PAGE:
8. Kenig J, Zychiewicz B, Olszewska U, Barczynski M, Nowak W. Six screening instruments for frailty in older patients qualified for emergency abdominal surgery. Arch Gerontol Geriatr. 2015;61(3):437–42.

    Article  PubMed  Google Scholar 

  9. Havens JM, Columbus AB, Seshadri AJ, Brown CVR, Tominaga GT, Mowery NT, et al. Risk stratification tools in emergency general surgery. Trauma Surg Acute Care Open. 2018;3(1):e000160.

    Article  PubMed  PubMed Central  Google Scholar 

  10. Church S, Rogers E, Rockwood K, Theou O. A scoping review of the Clinical Frailty Scale. BMC Geriatr. 2020;20(1):393.

    Article  PubMed  PubMed Central  Google Scholar 

  11. Ko FC. Preoperative frailty evaluation: a promising risk-stratification tool in older adults undergoing general surgery. Clin Ther. 2019;41(3):387–99.

    Article  PubMed  PubMed Central  Google Scholar 

  12. Weerink LBM, van der Hoorn A, van Leeuwen BL, de Bock GH. Low skeletal muscle mass and postoperative morbidity in surgical oncology: a systematic review and meta-analysis. J Cachexia Sarcopenia Muscle. 2020;11(3):636–49.

    Article  PubMed  PubMed Central  Google Scholar 

  13. Aleixo GFP, Shachar SS, Nyrop KA, Muss HB, Malpica L, Williams GR. Myosteatosis and prognosis in cancer: Systematic review and meta-analysis. Crit Rev Oncol Hematol. 2020;145:102839.

    Article  CAS  PubMed  Google Scholar 

  14. Chang KV, Hsu TH, Wu WT, Huang KC, Han DS. Association between sarcopenia and cognitive impairment: a systematic review and meta-analysis. J Am Med Dir Assoc. 2016;17(12):1164.e7-e15.

    Article  Google Scholar 

  15. Yeung SSY, Reijnierse EM, Pham VK, Trappenburg MC, Lim WK, Meskers CGM, et al. Sarcopenia and its association with falls and fractures in older adults: a systematic review and meta-analysis. J Cachexia Sarcopenia Muscle. 2019;10(3):485–500.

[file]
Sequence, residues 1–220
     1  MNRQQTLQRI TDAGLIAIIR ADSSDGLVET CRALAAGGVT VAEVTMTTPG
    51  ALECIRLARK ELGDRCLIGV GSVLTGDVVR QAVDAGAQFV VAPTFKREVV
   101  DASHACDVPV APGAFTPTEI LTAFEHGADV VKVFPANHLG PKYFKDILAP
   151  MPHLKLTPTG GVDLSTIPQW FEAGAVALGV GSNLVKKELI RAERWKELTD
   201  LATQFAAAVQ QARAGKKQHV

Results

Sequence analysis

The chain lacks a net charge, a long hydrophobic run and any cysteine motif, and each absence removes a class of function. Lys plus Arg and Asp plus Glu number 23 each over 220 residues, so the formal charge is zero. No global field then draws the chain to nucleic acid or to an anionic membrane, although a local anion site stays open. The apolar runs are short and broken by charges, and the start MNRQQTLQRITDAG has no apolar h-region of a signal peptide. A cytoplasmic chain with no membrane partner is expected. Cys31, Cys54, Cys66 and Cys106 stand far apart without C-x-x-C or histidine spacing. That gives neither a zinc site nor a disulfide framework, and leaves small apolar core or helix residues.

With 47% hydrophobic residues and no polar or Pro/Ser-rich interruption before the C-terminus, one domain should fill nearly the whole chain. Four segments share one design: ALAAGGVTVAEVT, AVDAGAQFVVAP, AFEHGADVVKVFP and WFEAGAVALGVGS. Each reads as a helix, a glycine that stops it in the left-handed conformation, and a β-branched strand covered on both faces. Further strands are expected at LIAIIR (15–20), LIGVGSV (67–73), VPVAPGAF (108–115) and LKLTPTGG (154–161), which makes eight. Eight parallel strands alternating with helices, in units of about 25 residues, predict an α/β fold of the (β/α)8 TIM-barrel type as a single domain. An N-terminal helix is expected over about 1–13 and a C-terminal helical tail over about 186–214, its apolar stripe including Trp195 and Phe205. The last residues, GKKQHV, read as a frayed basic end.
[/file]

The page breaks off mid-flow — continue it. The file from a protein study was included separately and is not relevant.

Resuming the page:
Article  PubMed  PubMed Central  Google Scholar 

  16. Chang KV, Hsu TH, Wu WT, Huang KC, Han DS. Is sarcopenia associated with depression? A systematic review and meta-analysis of observational studies. Age Ageing. 2017;46(5):738–46.

    Article  PubMed  Google Scholar 

  17. Francomacaro LM, Walker C, Jaap K, Dove J, Hunsinger M, Widom K, et al. Sarcopenia predicts poor outcomes in urgent exploratory laparotomy. Am J Surg. 2018;216(6):1107–13.

    Article  PubMed  Google Scholar 

  18. McQuade C, Kavanagh DO, O’Brien C, Hunter K, Nally D, Hickie C, et al. CT-determined sarcopenia as a predictor of post-operative outcomes in patients undergoing an emergency laparotomy. Clin Imaging. 2021;79:273–7.

    Article  PubMed  Google Scholar 

  19. Tosato M, Marzetti E, Cesari M, Savera G, Miller RR, Bernabei R, et al. Measurement of muscle mass in sarcopenia: from imaging to biochemical markers. Aging Clin Exp Res. 2017;29(1):19–27.

    Article  PubMed  Google Scholar 

  20. Jones KI, Doleman B, Scott S, Lund JN, Williams JP. Simple psoas cross-sectional area measurement is a quick and easy method to assess sarcopenia and predicts major surgical complications. Colorectal Dis. 2015;17(1):O20–6.

    Article  CAS  PubMed  Google Scholar 

  21. Hanaoka M, Yasuno M, Ishiguro M, Yamauchi S, Kikuchi A, Tokura M, et al. Morphologic change of the psoas muscle as a surrogate marker of sarcopenia and predictor of complications after colorectal cancer surgery. Int J Colorectal Dis. 2017;32(6):847–56.